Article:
Another question: in what way is fascism not capitalism? Was Nazi Germany not capitalist?

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Jul 26 2005 21:34

^ somehow, I dont think he gets the preference for "liberal-capitalism"pr a difference between any capitalism. Yeah all evil shmevil, but only a totalist would take his line of argument, frankly.

To what extent was WW2 an imperialist war and/or one in which there was a direct challenge from a distinctly nasty form of capitalism that one could see a moral if not necessary duty to fight against? Not a fight for the Allies capitalism but against another even greater threat to what little rights and illusions the workers have? The efforts of the Italians, French Resistance and others were major examples where communist/socialist ideas were also put into action but that wasn't possible for all workers who were called up and I dont see the sacrifices they made as being worthless even if they were moved like pawns by and for the greater enemy.

Lazlo_Woodbine
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Jul 26 2005 21:47

If called up I'd have organised within my unit so we could turn the guns on the officers after the fascists were defeated 8) If I was left in the UK I'd have worked with those who were trying to turn the Home Guard into a militia capable of using force against any possible appeaser/collaborationist government.

Mike Harman
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Jul 26 2005 21:50

For those interested, and I haven't had a chance to read it myself, I've just put "Class War on the Home Front" - a collection of articles by and about the Anti-Parliamentary Communist Federation on the library. Good timing in relation to this thread:

http://libcom.org/library/apcf-class-war-home-front

Lazlo_Woodbine
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Jul 26 2005 21:52

A book just came out about they guy who started the movement off -- he was an ex-CP/IB'er who left after being disillusioned with their role in Spain.

Here's a review of the book with more info

http://www.camdennewjournal.co.uk/011305/r011305_01.htm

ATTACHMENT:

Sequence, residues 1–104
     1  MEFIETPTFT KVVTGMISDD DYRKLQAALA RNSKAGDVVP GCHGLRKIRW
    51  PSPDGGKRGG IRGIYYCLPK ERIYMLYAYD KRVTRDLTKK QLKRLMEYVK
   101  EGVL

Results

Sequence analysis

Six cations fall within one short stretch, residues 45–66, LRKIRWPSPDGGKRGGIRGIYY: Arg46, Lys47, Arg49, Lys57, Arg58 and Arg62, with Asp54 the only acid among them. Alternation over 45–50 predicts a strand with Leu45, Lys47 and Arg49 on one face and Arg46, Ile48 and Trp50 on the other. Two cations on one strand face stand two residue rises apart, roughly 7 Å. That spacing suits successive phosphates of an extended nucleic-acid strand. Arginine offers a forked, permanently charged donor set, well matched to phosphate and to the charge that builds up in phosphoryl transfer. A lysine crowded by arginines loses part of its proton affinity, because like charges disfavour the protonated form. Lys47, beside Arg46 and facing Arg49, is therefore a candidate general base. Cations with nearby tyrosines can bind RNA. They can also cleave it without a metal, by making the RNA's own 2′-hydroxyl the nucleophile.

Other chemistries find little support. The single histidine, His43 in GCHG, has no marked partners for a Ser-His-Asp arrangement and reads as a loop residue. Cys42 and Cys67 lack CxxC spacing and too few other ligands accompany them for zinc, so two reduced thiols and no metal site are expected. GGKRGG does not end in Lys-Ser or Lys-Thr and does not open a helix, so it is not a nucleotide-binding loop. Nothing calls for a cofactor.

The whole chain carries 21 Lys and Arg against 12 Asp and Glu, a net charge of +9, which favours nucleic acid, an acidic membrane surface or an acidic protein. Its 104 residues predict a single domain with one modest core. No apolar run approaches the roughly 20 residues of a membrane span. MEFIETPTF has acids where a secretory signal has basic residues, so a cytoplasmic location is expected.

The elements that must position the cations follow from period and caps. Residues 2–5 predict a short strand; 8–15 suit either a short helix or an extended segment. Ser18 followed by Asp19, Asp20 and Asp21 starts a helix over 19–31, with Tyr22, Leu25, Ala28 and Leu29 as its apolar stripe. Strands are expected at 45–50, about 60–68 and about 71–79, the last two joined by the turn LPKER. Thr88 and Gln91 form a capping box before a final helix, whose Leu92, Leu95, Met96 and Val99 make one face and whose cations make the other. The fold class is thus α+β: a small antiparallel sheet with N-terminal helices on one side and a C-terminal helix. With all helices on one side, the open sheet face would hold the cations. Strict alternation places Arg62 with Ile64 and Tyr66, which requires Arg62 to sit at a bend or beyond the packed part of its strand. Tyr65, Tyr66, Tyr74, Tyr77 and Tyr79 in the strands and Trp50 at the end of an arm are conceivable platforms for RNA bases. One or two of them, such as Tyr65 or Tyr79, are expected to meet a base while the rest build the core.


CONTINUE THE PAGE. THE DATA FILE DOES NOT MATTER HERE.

Mike Harman
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Jul 26 2005 22:03
Lazlo_Woodbine wrote:
A book just came out about they guy who started the movement off -- he was an ex-CP/IB'er who left after being disillusioned with their role in Spain.

Here's a review of the book with more info

http://www.camdennewjournal.co.uk/011305/r011305_01.htm

Thanks for that, looks really interesting.

Pat Henry
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Jul 27 2005 12:33

Lazlo_Woodbine wrote:

Quote:
If called up I'd have organised within my unit so we could turn the guns on the officers after the fascists were defeated If I was left in the UK I'd have worked with those who were trying to turn the Home Guard into a militia capable of using force against any possible appeaser/collaborationist government.

The ruling class needs to enrol workers for any imperialist war - whatever the justification that's given (fighting fascism, etc).The fact of the matter is that once workers have signed up to fight for 'their' national state - be it democratic, fascist or stalinist - they have suffered a defeat for which they will pay for in blood.

They also learnt the lessons of WW 1 - at the end of WW 2 they deliberately bombed the workers centres (Dresden, Hamburg) or allowed them to be massacred (Berlin, Northern Italy) precisely in order to prevent any kind of uprising or revolt.

Even today we're constantly pummelled with the idea that somehow the resistance were 'heroic' fighters - when actually they, along with the trades unions, were heroically...recruiting workers to be massacred.

It's only when workers reject all the false friends will a truly internationalist position develop - against all wars, against 'sacred unions', for world wide revolution.

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the button
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Jul 27 2005 12:52
Jack wrote:
£20, is that hardback?

..... and is it by Stuart Christie? (Where's oisleep?) wink

Lazlo_Woodbine
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Jul 27 2005 12:56
Pat Henry wrote:
The fact of the matter is that once workers have signed up to fight for 'their' national state - be it democratic, fascist or stalinist - they have suffered a defeat for which they will pay for in blood.

Usually the workers' don't have much choice. Organising within the army would have been much better than dodging the draft and becoming a marginal force. Israel has about a 30% draft avoidance rate, but still has a very strong military, because those who avoid service are usually not organising with their fellow workers who are in the military.